Ms Chotia, who also retired as circuit manager in August, said: “It’s been my privilege to work with Mr Samodien as principal of KPS from 2008 until 2019. He is a proactive, exemplary school leader who has managed to take KPS to new heights.

“We worked together well as he embraced the various initiatives we embarked on to ensure the children at KPS were exposed to the best opportunities possible . The school had no school hall in 2008. Mr Samodien, always being positive and proactive, raised the need for a school hall on the Mandela Day celebration. The school received a school hall through the collaboration of WCED and Garden Cities.”

From left, are Thandeka Jafta, current circuit manager, Arnola Ross, deputy principal, Ridwan Samodien, principal and Faldiela Chotia, former circuit manager.

Kannemeyer Primary was the first public school, while EC Primary, situated a stone throw away, was the first church school in Grassy Park.

Mr Samodien said the first acting principal was Mr EA Janari, who had a school named after him in Bonteheuwel.

“He was followed by Mr Burton in the second term; Frank Goliath, who became principal of Perivale Primary later in his career, in the third term; and finally the first permanently appointed principal, Albert Kannemeyer. He managed to rename Park Primary, as it was called then, after his family name, and hence today we are known as Kannemeyer Primary.”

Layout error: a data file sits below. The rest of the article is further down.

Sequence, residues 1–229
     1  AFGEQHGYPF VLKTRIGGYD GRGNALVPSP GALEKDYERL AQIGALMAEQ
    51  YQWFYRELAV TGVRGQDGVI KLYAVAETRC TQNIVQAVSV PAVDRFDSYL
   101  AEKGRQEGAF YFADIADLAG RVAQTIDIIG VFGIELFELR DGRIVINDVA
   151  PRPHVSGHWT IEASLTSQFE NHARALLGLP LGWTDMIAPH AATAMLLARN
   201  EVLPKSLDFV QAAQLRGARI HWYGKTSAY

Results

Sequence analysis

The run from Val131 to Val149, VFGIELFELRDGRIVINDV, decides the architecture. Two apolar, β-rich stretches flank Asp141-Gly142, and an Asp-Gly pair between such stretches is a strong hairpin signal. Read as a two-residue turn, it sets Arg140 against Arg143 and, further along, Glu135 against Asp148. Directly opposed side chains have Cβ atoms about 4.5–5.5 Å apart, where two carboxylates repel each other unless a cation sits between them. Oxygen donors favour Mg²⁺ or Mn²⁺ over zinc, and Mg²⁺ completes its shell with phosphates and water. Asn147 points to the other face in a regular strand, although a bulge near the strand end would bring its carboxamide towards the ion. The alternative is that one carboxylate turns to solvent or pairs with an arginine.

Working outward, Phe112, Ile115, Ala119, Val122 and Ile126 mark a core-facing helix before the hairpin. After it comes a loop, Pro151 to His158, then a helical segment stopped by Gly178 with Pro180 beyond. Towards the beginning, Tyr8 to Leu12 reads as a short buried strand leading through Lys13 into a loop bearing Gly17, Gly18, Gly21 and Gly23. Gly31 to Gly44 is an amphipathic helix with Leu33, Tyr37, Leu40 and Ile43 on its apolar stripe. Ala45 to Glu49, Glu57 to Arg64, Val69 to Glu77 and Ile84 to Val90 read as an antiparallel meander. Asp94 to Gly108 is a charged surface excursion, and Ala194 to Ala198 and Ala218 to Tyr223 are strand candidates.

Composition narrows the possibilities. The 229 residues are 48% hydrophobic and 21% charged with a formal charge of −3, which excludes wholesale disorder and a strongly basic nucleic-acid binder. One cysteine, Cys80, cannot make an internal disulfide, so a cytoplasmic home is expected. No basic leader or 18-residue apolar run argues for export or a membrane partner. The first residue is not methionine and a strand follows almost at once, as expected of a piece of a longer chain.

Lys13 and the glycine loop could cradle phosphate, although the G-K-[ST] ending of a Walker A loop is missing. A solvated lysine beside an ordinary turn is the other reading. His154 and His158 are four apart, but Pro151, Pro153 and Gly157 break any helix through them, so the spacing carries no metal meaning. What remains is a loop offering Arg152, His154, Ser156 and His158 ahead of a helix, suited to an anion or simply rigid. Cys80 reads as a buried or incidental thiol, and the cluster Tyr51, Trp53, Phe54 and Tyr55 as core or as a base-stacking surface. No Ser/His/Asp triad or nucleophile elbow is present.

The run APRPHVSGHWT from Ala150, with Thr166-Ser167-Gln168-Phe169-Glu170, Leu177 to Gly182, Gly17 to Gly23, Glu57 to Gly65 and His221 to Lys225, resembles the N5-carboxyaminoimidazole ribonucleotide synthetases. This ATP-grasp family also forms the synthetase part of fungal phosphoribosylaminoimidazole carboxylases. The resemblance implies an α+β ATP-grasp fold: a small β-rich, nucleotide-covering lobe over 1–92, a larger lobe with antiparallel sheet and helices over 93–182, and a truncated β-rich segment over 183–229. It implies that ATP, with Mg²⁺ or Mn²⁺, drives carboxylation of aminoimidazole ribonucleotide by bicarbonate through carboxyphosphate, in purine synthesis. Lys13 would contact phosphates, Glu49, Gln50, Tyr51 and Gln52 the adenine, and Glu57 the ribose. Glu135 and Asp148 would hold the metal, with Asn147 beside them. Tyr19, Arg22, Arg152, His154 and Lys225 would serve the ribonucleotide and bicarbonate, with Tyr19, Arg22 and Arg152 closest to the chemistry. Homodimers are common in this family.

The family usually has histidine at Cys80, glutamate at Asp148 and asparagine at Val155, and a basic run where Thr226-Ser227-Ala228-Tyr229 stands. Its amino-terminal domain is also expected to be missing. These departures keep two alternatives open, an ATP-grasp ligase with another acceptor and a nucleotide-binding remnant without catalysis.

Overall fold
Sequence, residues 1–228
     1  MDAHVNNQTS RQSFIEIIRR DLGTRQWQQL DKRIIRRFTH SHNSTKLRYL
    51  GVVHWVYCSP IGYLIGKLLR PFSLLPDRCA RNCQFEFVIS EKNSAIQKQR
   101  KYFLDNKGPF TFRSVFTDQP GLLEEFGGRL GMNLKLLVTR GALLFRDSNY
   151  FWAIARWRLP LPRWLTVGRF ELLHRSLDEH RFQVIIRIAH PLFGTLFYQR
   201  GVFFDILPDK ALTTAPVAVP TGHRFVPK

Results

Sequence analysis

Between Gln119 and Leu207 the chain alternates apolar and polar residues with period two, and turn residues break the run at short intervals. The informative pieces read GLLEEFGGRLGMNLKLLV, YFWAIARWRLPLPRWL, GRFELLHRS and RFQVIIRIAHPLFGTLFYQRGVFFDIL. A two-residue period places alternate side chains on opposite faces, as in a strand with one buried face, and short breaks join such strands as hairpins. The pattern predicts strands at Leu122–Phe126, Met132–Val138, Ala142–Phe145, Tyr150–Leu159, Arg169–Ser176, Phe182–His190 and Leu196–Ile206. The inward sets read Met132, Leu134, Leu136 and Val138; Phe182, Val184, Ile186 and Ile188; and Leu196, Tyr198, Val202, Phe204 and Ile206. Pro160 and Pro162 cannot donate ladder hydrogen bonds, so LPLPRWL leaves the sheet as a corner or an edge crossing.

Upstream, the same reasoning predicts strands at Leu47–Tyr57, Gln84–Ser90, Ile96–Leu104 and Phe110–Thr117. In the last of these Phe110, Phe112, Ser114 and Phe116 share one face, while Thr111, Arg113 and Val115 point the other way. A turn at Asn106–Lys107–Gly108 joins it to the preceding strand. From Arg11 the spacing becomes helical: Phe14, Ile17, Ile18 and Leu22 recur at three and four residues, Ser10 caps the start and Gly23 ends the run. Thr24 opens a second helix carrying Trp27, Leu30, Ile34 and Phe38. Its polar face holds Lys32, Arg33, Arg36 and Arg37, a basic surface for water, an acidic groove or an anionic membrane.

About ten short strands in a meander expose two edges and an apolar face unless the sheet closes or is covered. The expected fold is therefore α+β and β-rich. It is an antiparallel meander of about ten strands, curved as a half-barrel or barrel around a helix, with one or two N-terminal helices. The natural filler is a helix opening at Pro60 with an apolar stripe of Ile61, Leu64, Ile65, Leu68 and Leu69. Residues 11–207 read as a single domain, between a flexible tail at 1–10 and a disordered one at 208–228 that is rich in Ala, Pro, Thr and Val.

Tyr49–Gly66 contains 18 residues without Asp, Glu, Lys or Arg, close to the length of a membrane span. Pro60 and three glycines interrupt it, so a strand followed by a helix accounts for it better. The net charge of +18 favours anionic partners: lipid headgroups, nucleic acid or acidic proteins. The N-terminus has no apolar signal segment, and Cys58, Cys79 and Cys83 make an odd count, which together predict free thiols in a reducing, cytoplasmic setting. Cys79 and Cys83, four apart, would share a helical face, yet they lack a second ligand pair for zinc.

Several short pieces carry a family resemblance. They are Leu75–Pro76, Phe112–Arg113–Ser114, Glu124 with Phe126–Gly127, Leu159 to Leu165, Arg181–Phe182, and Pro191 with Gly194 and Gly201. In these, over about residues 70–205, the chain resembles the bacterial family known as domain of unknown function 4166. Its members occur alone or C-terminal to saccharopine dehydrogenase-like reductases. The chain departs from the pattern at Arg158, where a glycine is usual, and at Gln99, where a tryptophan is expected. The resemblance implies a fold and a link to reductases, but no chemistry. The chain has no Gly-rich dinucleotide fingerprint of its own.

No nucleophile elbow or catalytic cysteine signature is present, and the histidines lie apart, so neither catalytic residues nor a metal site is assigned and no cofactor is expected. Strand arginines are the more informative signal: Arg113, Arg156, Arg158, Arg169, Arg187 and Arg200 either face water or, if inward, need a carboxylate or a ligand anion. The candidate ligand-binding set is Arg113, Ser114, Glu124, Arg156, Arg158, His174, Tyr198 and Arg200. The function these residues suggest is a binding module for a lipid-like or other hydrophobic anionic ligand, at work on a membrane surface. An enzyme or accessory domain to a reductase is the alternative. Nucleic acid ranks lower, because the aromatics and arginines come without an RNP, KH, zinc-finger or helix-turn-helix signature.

Mr Kannemeyer, was followed by Edward Carels as principal. He was, in turn, led by Ebrahim Allie, Edmund Davids, and current principal Mr Samodien.

More than 60 years ago, the Apartheid regime gave birth to the first public school to be built in this neighbourhood, “designed for coloured children”, he said.

He added: “I recall the cisterns’ lids had been embossed or engraved with the wording ‘Skool vir kleurling kinders’.”

“It is important that we know where we come from, what struggles we endured and what lessons we can and have learnt, so that we can sharpen our focus on the future.”

Reflecting on the impact of Jan van Riebeeck’s arrival in Cape Town in 1652 he noted that: “(He) colonised the lands of our ancestors. This was followed with more brutality when our forefathers were brought here as slaves, and then compounded later by the abhorrence racist system of apartheid.

“These systems traumatised us. We as South Africans have received a triple blow, our forefathers endure colonisation, slavery, apartheid and of late endemic and systemic corruption, robbing our children of a brighter future.”

Being mindful of the challenges, Mr Samodien said “we have deliberately adopted the African philosophy of Ubuntu”.

The school has also created a visual learning zone. “We have ensured that our corridors, our classrooms and most recently our classroom doors, speak to the circle of courage, that they speak to our children and tell them that they matter.”

Mr Samodien said the school encourages reading and so they have forged partnerships with organisations which are ”geared to assist us in developing a love for reading and reading with understanding”.

Mr Samodien said he was inspired by former president Nelson Mandela’s quote: “Education remains the most powerful weapon one can use to rid oneself from poverty.”